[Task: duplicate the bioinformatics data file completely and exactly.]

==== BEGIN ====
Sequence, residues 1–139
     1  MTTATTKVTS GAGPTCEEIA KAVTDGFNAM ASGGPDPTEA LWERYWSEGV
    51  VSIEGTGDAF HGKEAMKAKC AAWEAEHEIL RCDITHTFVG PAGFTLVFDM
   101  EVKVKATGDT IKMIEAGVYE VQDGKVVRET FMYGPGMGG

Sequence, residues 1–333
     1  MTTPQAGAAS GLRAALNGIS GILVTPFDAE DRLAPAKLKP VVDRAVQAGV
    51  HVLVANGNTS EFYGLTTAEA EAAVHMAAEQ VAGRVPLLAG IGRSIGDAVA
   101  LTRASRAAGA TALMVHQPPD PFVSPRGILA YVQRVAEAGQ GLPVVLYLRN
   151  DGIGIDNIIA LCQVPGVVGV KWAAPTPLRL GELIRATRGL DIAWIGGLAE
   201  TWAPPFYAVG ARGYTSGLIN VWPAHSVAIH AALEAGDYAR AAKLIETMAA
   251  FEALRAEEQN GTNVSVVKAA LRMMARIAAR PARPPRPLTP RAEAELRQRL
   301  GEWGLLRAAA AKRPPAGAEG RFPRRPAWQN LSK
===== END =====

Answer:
Sequence, residues 1–139
     1  MTTATTKVTS GAGPTCEEIA KAVTDGFNAM ASGGPDPTEA LWERYWSEGV
    51  VSIEGTGDAF HGKEAMKAKC AAWEAEHEIL RCDITHTFVG PAGFTLVFDM
   101  EVKVKATGDT IKMIEAGVYE VQDGKVVRET FMYGPGMGG

Sequence, residues 1–333
     1  MTTPQAGAAS GLRAALNGIS GILVTPFDAE DRLAPAKLKP VVDRAVQAGV
    51  HVLVANGNTS EFYGLTTAEA EAAVHMAAEQ VAGRVPLLAG IGRSIGDAVA
   101  LTRASRAAGA TALMVHQPPD PFVSPRGILA YVQRVAEAGQ GLPVVLYLRN
   151  DGIGIDNIIA LCQVPGVVGV KWAAPTPLRL GELIRATRGL DIAWIGGLAE
   201  TWAPPFYAVG ARGYTSGLIN VWPAHSVAIH AALEAGDYAR AAKLIETMAA
   251  FEALRAEEQN GTNVSVVKAA LRMMARIAAR PARPPRPLTP RAEAELRQRL
   301  GEWGLLRAAA AKRPPAGAEG RFPRRPAWQN LSK